A Vancouver restaurant and a local charity have come up with a unique partnership that’s keeping both afloat during the COVID-19 pandemic.
The project has kept crucial revenue flowing through the doors of Fable Kitchen, while helping Backpack Buddies — a group that helps feed vulnerable kids — keep up with a surge in pandemic demand.
The initiative is also offering local businesses a very 2020 way to hold their Christmas parties, with social gatherings banned for the foreseeable future.
“Partnering with the Backpack Buddies has definitely saved the business,” said chef Trevor Bird.
“If not, and we didn’t have this, I would probably have to lay off more people which would be brutal.”
Faced with a huge slump in demand early in the pandemic, Bird came up with the idea of offering virtual cooking classes.
Fable provides home cooks with a box filled with all the necessary ingredients, then runs a live stream demonstrating how to transform it into a delicious meal.
It was in one of Fable’s first classes that Bird connected with Backpack Buddies co-founder Emily-ann King, who took one of the courses with her daughter.
The duo loved it so much King teamed up with Bird to leverage a class into a fundraiser in June that raised enough money to help Backpack Buddies send a bag of food to kids over the summer months for the first time ever.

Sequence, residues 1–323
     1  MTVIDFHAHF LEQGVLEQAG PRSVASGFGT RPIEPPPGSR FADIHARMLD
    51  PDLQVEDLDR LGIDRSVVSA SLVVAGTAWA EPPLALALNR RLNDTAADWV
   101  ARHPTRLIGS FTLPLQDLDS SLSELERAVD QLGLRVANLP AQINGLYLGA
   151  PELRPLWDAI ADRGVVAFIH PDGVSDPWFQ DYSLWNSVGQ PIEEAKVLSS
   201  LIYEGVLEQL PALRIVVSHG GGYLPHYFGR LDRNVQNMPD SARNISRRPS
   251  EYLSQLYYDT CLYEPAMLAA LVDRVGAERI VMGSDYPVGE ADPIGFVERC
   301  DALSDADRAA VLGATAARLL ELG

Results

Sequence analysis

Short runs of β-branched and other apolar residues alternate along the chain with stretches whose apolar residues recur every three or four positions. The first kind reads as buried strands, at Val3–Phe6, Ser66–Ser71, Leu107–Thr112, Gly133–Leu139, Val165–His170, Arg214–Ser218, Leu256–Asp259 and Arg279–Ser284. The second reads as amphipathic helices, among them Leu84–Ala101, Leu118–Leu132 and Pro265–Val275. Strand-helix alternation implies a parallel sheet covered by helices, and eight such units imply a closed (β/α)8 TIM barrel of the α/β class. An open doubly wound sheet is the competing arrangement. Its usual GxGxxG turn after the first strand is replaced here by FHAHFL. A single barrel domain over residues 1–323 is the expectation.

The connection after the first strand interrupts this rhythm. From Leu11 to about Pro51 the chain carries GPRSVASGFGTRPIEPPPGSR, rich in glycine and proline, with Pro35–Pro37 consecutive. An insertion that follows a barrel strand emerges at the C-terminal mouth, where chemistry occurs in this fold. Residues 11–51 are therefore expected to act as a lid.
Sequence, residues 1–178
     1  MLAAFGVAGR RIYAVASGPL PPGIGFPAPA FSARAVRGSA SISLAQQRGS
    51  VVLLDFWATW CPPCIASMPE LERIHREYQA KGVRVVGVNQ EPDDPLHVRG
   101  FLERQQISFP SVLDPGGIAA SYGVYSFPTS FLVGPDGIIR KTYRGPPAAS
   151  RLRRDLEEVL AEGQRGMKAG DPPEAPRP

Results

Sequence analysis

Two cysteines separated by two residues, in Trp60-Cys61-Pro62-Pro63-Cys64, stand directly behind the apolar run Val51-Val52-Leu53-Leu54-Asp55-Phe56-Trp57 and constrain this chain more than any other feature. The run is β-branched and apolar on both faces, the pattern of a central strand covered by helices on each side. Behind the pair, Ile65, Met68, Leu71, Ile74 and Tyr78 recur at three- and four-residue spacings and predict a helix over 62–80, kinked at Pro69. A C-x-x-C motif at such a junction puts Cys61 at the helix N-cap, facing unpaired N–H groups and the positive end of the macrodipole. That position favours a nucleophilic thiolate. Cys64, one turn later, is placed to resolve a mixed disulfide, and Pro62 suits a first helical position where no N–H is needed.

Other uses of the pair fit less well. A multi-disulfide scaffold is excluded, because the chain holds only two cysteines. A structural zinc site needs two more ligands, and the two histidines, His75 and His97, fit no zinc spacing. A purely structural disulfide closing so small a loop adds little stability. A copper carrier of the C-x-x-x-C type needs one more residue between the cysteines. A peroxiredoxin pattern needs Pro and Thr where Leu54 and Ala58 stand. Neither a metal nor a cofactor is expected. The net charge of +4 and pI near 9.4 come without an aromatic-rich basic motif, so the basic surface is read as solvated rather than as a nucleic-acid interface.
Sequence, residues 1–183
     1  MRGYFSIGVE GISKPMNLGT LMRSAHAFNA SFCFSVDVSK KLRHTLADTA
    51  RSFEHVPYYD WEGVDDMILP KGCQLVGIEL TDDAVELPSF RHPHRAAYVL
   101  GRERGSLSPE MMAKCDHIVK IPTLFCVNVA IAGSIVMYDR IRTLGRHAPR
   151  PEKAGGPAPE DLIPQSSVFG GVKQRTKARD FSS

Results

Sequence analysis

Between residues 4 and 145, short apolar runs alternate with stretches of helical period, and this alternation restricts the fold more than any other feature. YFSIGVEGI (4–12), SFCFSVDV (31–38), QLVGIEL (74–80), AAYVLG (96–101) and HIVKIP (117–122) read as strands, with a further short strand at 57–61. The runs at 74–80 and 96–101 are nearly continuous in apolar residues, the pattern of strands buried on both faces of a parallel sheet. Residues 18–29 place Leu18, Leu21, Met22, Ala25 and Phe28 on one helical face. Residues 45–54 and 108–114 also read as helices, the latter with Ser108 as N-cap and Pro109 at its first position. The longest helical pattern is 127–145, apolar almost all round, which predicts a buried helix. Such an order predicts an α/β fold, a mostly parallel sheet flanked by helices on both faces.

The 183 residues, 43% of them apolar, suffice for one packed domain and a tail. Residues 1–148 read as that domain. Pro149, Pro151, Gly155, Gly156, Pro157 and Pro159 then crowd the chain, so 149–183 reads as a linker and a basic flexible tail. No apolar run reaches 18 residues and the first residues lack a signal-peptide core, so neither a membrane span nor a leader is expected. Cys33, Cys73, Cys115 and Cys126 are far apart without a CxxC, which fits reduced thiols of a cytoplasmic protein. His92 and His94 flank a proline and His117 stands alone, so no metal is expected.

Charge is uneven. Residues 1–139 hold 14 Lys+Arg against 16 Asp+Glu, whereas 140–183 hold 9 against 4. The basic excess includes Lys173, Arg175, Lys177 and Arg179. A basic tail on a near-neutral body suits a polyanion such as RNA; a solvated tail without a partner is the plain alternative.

Now the partnership has set its sight on the Christmas season, with Fable offering the unique, virtual cooking classes as an alternative to holiday parties for local companies.
Participants can ask questions and socialize with each other while producing a meal they get to eat.
Fable and the charity share the proceeds evenly.
That’s a big boost for Backpack Buddies, whose mandate is to help make sure kids who rely on school lunch programs don’t go hungry over the weekend.
“This opportunity is just a win-win-win for everybody,” she said.
“Each ticket that’s being purchased is feeding a child for three consecutive weekends, with over 27 meals provided.”
When the pandemic hit in March and schools closed, King said the ‘weekend hunger gap’ suddenly became seven days long.
The group went from delivering food for about 1,000 kids per week in April to more than 2,400 in June.
Even with school back in session, the charity is busier than ever before as families struggle with the ongoing financial pressure of the pandemic.
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